Oscar Klefbom “the best player on the ice” in Oklahoma City Barons win

As he has far too often since the Edmonton Oilers drafted him, Oscar Klefbom spent time on the shelf this month due to injury. The coaching staff worried that the significant progress he’d made over the season might be set back, but judging by his play since his return there was no need for fear.

I thought Klefbom looked pretty decent in his first game back on Friday, though he wasn’t perfect; he had a couple of turnovers (one off a hard hit) but showed flashes of exceptional talent too. One shift in the third period on Friday where he held the blue line and dealt a punishing hit really stood out, but it was little things like his ability to skate the puck out of trouble in a hurry and his strength in puck battles that mattered more. Still, as we’ve noted, those were interspersed with some poorer plays.

He was significantly better on Saturday, showing the same ability to skate and move the puck and that same strength in the defensive zone. He was more solid defensively though, even bailing out David Musil at one point when his partner got into trouble. So I knew the answer was probably going to be ‘yes’ when I asked Barons coach Todd Nelson if he was happy with Klefbom’s play. What surprised me though was how enthusiastic Nelson was in endorsing the player.

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“Absolutely,” the Barons coach said. “I thought Oscar tonight was probably the best player on the ice, or one of the best.”

According to the coach, it’s just the latest bit of good news in an encouraging run.

“Last night he was excellent,” Nelson added. “You’re always worried about a guy coming back off injury, if he can get back to the level he was at just before he was hurt. He played three good games before he got injured, but tonight he was exceptional. Hopefully that continues and he has that consistency because he was a horse out there. I talked to Gerry and we both agreed ‘let’s put him out there as much as we can, because he’s playing so well and he’s a horse and he can handle it.’”

How much ice-time did he get?

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“I’m sure he got at least 20 minutes. When he plays like that if we’re not giving him at least 20 minutes than we’re not doing our job right.”

Why This Is Surprising

In my experience Nelson’s generally supportive but understated in describing his players. Several times this year he’s acknowledged the struggles and weaknesses of certain individuals, even if he does take pains to stress what they’re doing well right after. He isn’t afraid to praise a guy who is doing well, but in this case his clear enthusiasm for Klefbom’s work stood out as unique.

Klefbom has had struggles this year, but it does seem like he’s turned a corner. No other player on the blue line, or even on the team for that matter, has a wider gap between where he was at the start of the year and how he’s played the last few games. Taylor Fedun has been excellent throughout, Martin Marincin has made progress and Martin Gernat and David Musil have both evolved, but only with Klefbom have the strides been so large.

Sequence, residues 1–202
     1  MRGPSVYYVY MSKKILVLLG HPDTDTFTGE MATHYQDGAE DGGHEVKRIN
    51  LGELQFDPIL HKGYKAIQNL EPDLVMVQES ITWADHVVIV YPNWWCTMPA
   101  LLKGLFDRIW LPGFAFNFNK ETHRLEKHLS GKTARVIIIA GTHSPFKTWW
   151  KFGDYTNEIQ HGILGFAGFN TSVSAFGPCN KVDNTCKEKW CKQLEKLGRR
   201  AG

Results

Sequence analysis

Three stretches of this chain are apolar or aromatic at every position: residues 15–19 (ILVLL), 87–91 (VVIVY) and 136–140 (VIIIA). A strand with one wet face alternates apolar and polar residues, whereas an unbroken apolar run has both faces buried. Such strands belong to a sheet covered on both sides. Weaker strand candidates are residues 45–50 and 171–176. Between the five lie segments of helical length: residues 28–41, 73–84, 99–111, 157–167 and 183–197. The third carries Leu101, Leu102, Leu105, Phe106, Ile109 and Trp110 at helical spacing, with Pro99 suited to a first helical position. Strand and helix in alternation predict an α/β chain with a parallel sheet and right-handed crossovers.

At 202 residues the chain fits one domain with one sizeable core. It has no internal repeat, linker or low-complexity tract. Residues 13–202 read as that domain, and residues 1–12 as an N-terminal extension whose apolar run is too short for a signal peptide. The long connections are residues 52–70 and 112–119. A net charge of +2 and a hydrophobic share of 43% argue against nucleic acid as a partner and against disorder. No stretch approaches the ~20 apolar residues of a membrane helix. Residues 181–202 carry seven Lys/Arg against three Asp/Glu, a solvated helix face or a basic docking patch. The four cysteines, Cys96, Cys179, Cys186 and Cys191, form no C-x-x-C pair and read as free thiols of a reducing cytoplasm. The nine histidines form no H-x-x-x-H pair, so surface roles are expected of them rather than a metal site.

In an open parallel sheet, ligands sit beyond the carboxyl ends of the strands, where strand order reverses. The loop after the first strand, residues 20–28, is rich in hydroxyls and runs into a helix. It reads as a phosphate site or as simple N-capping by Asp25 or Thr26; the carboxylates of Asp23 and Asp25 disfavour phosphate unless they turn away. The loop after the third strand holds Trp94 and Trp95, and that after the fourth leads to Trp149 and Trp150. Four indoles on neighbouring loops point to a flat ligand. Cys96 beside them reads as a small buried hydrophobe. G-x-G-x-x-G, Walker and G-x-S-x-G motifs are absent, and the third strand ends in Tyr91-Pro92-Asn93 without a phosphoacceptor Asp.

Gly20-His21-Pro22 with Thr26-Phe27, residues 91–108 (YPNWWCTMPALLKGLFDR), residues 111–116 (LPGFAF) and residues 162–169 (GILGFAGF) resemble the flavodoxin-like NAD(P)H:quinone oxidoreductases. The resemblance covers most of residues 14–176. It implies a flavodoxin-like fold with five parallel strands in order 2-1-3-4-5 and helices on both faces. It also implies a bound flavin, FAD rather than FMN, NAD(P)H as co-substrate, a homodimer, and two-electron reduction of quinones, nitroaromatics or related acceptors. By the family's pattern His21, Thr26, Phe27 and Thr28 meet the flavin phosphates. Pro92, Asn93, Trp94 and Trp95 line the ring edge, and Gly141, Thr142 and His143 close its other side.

Now the trick is consistency, as Nelson indicated. Klefbom has had strong games, even several of them consecutively, at other points in the season, but they haven’t lasted. If this one does, the Oilers are going to have little choice but to give Klefbom his first taste of NHL action.

It’s not the only choice the team is going to be forced to make. Between Klefbom and Marincin and Fedun and Darnell Nurse, there are a lot of rookies vying for a spot on next year’s team. There simply isn’t room for all of them.

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Recently by Jonathan Willis

  • Word to the Bird

    It’s amusing and interesting to read the comments from all of us armchair coaches/GMs. I include myself in this group. I am an Oilers’ addict, I have been devastated by our awful team over the last few years – but this year it’s been rock bottom. I have really toughened up now. I can’t get stressed, I can’t sit and cry, all I can do is make light of things and hope to God things improve next season. I watch the games on mute – play Scrabble while catching glimpses of the game. I expect a loss, and get not too excited with a win, cos I know we’ll lose the next one. I do get excited when we make a transaction, but down again when it’s not a D man.

    My kids say that the Oilers are manic-depressive, up and down all the time. They try and convince me to change allegiance – I tell them that you don’t cast someone aside because they are bipolar. So, I will nurse my team through yet another lousy season, and dream of better times. So excuse me if I make a comment detrimental to the team, it’s not that I don’t still care, it’s just that I have become bipolar too…….. right now I’m down – AGAIN. And when I do make a comical put down of my team, I remember being told as a kid that it’s better to laugh than cry. Man I’m sick and tired of this c**p.

  • So is this just a case of a player who already had a strong pro-level game, but with the changes that had to be made to North America, wasn’t able to play his game instinctively until those adjustments were made?

    It might explain why a player would make such great strides so quickly.